Employment Obligations -- How the New Corporate Accountability Law Will Impact Employment Practices


Most of the attention about the Sarbanes-Oxley Act of 2002 (Act), now awaiting President Bush’s signature, has been focused on the reform of public accounting firms and the financial reporting obligations of publicly held companies. However, the Act has other provisions that potentially impact a much broader range of employers.

The legislation will be implemented at various times following the President’s signature, but employers should begin preparing for the following changes:

1.  New cause of action. Employees who provide information about actions they reasonably believe to be violations of securities law, rules of the Securities and Exchange Commission, or other federal laws relating to fraud against shareholders will be protected. The report may be made to a federal regulatory or law enforcement agency, Member of Congress or congressional committee, or a person with supervisory authority over the employee or other person working for the employer who has the authority to investigate, discover or terminate the misconduct.

Although styled the Whistleblower Protection for Employees of Publicly Traded Companies, the act potentially extends farther as it covers not only publicly traded companies, but also their officers, employees, contractors, subcontractors and agents.  At a minimum that would seem to make officers and employees liable in their individual capacities, and potentially cover companies who do business with publicly traded companies, depending on how contractor and subcontractor are ultimately defined.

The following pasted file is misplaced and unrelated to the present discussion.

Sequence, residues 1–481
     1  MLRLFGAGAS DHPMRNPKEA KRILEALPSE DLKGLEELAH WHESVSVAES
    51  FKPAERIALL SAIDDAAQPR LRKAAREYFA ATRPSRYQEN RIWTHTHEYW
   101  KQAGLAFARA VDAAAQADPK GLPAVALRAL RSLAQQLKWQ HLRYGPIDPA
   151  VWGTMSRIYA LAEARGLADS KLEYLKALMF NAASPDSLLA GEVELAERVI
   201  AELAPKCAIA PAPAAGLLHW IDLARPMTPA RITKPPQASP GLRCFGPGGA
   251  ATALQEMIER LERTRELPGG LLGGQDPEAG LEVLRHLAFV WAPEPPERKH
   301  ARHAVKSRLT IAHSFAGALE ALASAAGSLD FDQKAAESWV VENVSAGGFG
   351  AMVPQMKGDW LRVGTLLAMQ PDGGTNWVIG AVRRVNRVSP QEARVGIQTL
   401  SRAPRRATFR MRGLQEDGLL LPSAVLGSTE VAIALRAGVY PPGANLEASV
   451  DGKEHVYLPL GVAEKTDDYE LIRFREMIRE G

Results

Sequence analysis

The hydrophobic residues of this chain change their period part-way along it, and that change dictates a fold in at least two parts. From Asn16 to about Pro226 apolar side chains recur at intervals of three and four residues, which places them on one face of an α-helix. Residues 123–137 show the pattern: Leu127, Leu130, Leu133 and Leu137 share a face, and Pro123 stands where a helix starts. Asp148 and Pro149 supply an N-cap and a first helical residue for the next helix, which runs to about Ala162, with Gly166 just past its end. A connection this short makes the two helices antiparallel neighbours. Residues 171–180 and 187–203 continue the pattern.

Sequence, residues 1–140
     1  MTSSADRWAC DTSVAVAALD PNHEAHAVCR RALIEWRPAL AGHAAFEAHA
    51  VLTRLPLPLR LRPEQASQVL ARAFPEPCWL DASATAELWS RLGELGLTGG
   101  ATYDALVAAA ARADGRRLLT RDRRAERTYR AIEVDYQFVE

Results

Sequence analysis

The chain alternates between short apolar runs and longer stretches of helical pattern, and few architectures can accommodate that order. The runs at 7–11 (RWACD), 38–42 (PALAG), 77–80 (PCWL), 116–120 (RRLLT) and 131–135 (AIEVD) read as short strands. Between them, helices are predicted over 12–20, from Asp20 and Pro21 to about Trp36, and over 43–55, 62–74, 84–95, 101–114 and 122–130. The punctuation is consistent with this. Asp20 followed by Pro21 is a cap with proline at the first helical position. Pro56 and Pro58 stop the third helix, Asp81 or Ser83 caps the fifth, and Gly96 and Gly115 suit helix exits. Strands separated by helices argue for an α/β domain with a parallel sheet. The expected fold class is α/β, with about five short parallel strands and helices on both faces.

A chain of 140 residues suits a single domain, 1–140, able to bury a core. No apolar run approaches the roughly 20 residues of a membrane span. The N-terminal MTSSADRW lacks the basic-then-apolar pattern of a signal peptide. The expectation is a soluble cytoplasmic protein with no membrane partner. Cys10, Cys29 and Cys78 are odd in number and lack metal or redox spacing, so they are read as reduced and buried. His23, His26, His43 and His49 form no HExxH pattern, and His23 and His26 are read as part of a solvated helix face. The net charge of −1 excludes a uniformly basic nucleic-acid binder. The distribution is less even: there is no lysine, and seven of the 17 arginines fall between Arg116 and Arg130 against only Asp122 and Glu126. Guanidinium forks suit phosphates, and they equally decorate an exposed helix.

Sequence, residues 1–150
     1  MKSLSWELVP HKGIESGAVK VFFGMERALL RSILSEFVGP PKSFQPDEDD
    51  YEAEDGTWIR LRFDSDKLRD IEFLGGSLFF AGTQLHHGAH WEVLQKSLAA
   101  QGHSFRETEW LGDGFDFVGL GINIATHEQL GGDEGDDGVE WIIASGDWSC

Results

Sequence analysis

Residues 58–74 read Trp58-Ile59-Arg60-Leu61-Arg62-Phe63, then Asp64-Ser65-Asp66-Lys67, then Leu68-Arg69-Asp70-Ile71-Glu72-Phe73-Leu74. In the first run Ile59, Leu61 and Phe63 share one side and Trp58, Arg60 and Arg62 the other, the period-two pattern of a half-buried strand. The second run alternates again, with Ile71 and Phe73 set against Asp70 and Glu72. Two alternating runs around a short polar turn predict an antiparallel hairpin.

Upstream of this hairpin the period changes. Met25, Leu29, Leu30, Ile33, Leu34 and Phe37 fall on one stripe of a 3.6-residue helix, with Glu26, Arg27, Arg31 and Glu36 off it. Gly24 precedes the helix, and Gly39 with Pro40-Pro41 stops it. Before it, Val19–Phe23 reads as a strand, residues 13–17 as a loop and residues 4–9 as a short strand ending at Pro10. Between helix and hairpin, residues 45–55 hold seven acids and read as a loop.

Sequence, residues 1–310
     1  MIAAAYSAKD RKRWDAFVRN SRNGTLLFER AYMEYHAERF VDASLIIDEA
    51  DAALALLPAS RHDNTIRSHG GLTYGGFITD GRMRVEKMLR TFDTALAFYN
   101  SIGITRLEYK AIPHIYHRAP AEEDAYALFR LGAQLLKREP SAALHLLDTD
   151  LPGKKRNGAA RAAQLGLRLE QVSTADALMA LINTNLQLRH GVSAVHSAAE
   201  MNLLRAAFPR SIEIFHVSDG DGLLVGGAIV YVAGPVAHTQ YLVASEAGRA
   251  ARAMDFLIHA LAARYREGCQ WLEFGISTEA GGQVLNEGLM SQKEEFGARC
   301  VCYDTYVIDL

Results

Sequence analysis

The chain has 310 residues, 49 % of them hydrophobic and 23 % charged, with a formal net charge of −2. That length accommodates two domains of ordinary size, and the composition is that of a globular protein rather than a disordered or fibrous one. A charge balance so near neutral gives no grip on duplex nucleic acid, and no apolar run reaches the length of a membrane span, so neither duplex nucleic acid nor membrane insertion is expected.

The Act incorporates the administrative scheme only recently enacted to protect employees of airline companies who provide air safety information.  Under the new law, the employee must file a complaint with the Department of Labor within 90 days of the alleged retaliatory act. Unless the employer can show by clear and convincing evidence that the employer would have taken the same action notwithstanding the protected activity, the DOL must investigate and issue its findings. The company and employee then have 30 days to file objections and request a hearing, or the determination becomes final and not subject to judicial review.

If a hearing is requested,  it is to be held expeditiously. Within 120 days after the conclusion of the hearing, the DOL is to issue a final order. If there is a violation, the employee is entitled to reinstatement, back pay with interest, and compensation for special damages sustained as a result of the retaliation, including litigation costs, expert witness fees, and reasonable attorney fees. (The DOL can actually order reinstatement based on its initial conclusion. Filing objections and a request for hearing will not automatically stay the reinstatement order.)

Judicial review is only available through an appeal to the Circuit Court of Appeals.  If the order was adverse to the employer, the appeal does not stay the Order unless ordered by the court.

Under the new  Act -- but not the airline whistleblower statute -- if the DOL has not issued a final decision within 180 days of the employee’s complaint,  the employee is permitted to file suit in the appropriate district court and may obtain the same remedies as can be awarded by the DOL.

2.  Criminal penalties for employment actions.